160. 160.
    W. Ren, G. Tian, L. Zhou, W.Y. Yin, L. Yan, S. Jin, Y. Zu, S.J. Li, Z.J. Gu, Y.L. Zhao, Lanthanide ion-doped GdPO4 nanorods with dual-modal bio-optical and magnetic resonance imaging properties. Nanoscale 4, 3754–3760 (2012)ADSGoogle Scholar
  161. 161.
    Y.C. Li, T. Chen, W.H. Tan, D.R. Talham, Size-dependent MRI relaxivity and dual imaging with Eu0.2Gd0.8PO4 center dot H2O nanoparticles. Langmuir 30, 5873–5879 (2014)Google Scholar
  162. 162.
    G.K. Das, B.C. Heng, S.C. Ng, T. White, J.S.C. Loo, L. D’Silva, P. Padmanabhan, K.K. Bhokoo, S.T. Selvan, T.T.Y. Tan, Gadolinium oxide ultranarrow nanorods as multimodal contrast agents for optical and magnetic resonance imaging. Langmuir 26, 8959–8965 (2010)Google Scholar
  163. 163.
    Y. Zhang, G.K. Das, V. Vijayaragavan, Q.C. Xu, P. Padmanabhan, K.K. Bhakoo, S.T. Selvan, T.T.Y. Tan, “Smart” theranostic lanthanide nanoprobes with simultaneous up-conversion fluorescence and tunable T1-T2 magnetic resonance imaging contrast and near-infrared activated photodynamic therapy. Nanoscale 6, 12609–12617 (2014)ADSGoogle Scholar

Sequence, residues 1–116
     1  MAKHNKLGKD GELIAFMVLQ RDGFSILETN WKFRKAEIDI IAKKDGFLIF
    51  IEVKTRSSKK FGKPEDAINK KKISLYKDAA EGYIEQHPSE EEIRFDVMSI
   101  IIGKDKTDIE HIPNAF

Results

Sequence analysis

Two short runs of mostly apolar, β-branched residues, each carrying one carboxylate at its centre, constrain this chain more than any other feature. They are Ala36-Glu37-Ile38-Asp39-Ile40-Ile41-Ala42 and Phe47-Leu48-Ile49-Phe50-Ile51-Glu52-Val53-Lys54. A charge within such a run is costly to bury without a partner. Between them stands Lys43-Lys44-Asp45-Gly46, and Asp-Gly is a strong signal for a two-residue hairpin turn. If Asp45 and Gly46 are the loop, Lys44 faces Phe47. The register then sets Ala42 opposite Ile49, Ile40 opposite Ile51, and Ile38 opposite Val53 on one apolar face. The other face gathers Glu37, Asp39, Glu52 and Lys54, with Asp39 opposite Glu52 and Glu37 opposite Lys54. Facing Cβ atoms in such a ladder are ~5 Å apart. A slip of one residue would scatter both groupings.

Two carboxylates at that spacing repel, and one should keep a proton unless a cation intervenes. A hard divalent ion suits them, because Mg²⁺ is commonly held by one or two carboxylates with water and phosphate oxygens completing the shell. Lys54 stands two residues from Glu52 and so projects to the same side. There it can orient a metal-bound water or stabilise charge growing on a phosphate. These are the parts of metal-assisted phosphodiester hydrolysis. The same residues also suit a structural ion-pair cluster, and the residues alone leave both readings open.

164. 164.
    Y. Tian, H.Y. Yang, K. Li, X. Jin, Monodispersed ultrathin GdF3 nanowires: Oriented attachment, luminescence, and relaxivity for MRI contrast agents. J. Mater. Chem. 22, 22510–22516 (2012)Google Scholar
  165. 165.
    T. Paik, T.R. Gordon, A.M. Prantner, H. Yun, C.B. Murray, Designing tripodal and triangular gadolinium oxide nanoplates and self-assembled nanofibrils as potential multimodal bioimaging probes. ACS Nano 7, 2850–2859 (2013)Google Scholar
  166. 166.
    M. Cho, R. Sethi, J.S.A. Narayanan, S.S. Lee, D.N. Benoit, N. Taheri, P. Decuzzi, V.L. Colvin, Gadolinium oxide nanoplates with high longitudinal relaxivity for magnetic resonance imaging. Nanoscale 6, 13637–13645 (2014)ADSGoogle Scholar
  167. 167.
    H. Hu, D. Li, S. Liu, M.Z. Wang, R. Moats, P.S. Conti, Z.B. Li, Integrin α2β1 targeted GdVO4: Eu ultrathin nanosheet for multimodal PET/MR imaging. Biomaterials 35, 8649–8658 (2014)Google Scholar
  168. 168.
    H. Hu, S. Liu, D. Li, M.Z. Wang, R. Moats, H. Shan, P.S. Conti, Z.B. Li, The synthesis of lanthanide-doped GdVO4 ultrathin nanosheets with great optical and paramagnetic properties for FRET biodetection and in vivo MR imaging. J. Mater. Chem. B 2, 3998–4007 (2014)Google Scholar